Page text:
HC Deb 22 April 1991 vol 189 cc755-6
3. Dr. Godman

To ask the Secretary of State for Transport how many United Kingdom registered fishing vessels have been lost in each of the past four years; and what was the number of fishermen drowned in such vessel losses.

The Minister for Shipping (Mr. Patrick McLoughlin)

Figures for 1990 are not yet available. For the years 1986 to 1989 inclusive, the numbers of United Kingdom fishing vessels lost were 19, 14, 22 and 22. The numbers of related deaths of fishermen were 11, four, 18 and 16.

Dr. Godman

Since I tabled the question, the Portsmouth trawler Wilhelmina has been lost, with its six-man crew, as the Minister will know. He and his officials need to do far more to enhance the safety of fishermen. When will he acknowledge the need for the provision of immersion suits on every fishing vessel over 10 m long? The carriage of such suits would save the lives of some fishermen. When will the Minister come to terms with that need?

Mr. McLoughlin

The hon. Gentleman will know that an investigation is continuing into the Wilhelmina. It is always sad and unfortunate to have to record the loss of a fishing vessel. Over the past 20 years, the number of losses each year has not changed very much, although in each case it is a particular tragedy. I will look at the question of immersion suits.

Mr. David Martin

My hon. Friend will recall that I raised with him last week the loss of the Wilhelmina J, a Portsmouth vessel, over Easter. There was a memorial service last week in Portsmouth, where the incident was taken very seriously. We all have sympathy for the relatives of the six people who lost their lives on board that vessel. My hon. Friend has assured me that an inquiry is proceeding as fast as it can and I do not wish to anticipate its findings. Can my hon. Friend confirm that the Zulfikar, the Cypriot ship involved, was stopped off Lisbon, earlier than it was at first thought possible to do as it sailed to Egypt, and that evidence will be gathered as soon as possible? Perhaps the lessons that can be learnt are——

Mr. Speaker

Order. Let us have not the lessons now, but the question to the Minister, please.

Mr. Martin

Perhaps the lessons once the inquiry has reported could be that technological devices can be improved. Should not the application of radar transponder devices and collision avoidance for smaller vessels also be covered by legislation?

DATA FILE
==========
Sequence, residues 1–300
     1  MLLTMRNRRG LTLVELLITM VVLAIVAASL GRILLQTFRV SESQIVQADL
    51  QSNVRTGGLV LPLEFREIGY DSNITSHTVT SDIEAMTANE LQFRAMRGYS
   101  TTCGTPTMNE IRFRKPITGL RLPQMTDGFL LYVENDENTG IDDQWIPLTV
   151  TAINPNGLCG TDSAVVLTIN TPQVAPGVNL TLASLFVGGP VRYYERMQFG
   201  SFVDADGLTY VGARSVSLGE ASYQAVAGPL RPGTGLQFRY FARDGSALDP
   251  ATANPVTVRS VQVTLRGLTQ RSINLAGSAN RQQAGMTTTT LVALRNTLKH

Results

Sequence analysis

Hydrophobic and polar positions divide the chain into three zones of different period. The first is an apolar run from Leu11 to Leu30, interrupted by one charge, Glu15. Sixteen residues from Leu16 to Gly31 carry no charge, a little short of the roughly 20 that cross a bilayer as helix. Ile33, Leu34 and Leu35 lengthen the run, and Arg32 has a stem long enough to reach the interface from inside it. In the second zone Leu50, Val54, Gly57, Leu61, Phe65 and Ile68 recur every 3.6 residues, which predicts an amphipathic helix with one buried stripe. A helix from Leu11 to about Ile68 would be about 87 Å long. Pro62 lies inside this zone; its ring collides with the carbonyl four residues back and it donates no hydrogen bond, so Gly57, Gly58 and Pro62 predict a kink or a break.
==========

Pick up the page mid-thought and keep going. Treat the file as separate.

Mr. McLoughlin

I am grateful to my hon. Friend for making that point. The whole House shares in the sympathy for those involved in the tragic accident of the Wilhelmina. It is always tragic when fishing vessels go down because they are usually from small communities and the effect on such communities is substantial.

I confirm that the inquiry is taking place and that the inspectors have already interviewed the master of the ship involved. The application of transponders will be brought to the attention of the inspector and he will probably address it when he makes his recommendation. I hope that we shall have an interim report in the next few days. When we shall be able to publish any of it remains to be seen.

Mrs. Ray Michie

The Minister will recall the sinking of the fishing vessel Antares, which sailed from Carradale in my constituency, in which four of the crew were lost. Does he agree that in view of the special circumstances and evidence surrounding that tragedy, the Ministry of Defence should take responsibility for funding representation for the families at the forthcoming fatal accident inquiry? If the Ministry of Defence continues to refuse to do so, will the Department of Transport consider helping those families, who have suffered a great deal already?

Mr. McLoughlin

The inquiry into the loss of the Antares is in progress. The points that the hon. Lady makes are first and foremost for the Ministry of Defence, but I shall bear in mind her comments and consider possible solutions.

Ms. Walley

Does the Minister agree that we need a complete overhaul of safety in all aspects of shipping? In respect of the incident about which we have just heard, does he agree that the failure of the Department of Transport and the Ministry of Defence to get together and resolve the matter is matched by the failure to approve and test the specification for the pinger devices which could do so much to improve safety when submarines are around? Was not that research interrupted because of the Gulf war and when will the Minister reach agreement with the Ministry of Defence so that our fishermen can fish in safety?

Mr. McLoughlin

I am fed up with the Opposition attempting to make party political points on what is a serious matter. If we are to start making party political points—I have tried to avoid doing so—we can look back and see that total losses were 37 in 1975, 35 in 1976, 37 in 1977, 38 in 1978 and 42 in 1979. Those were far greater losses than take place now. How dare the Opposition make cheap party political points?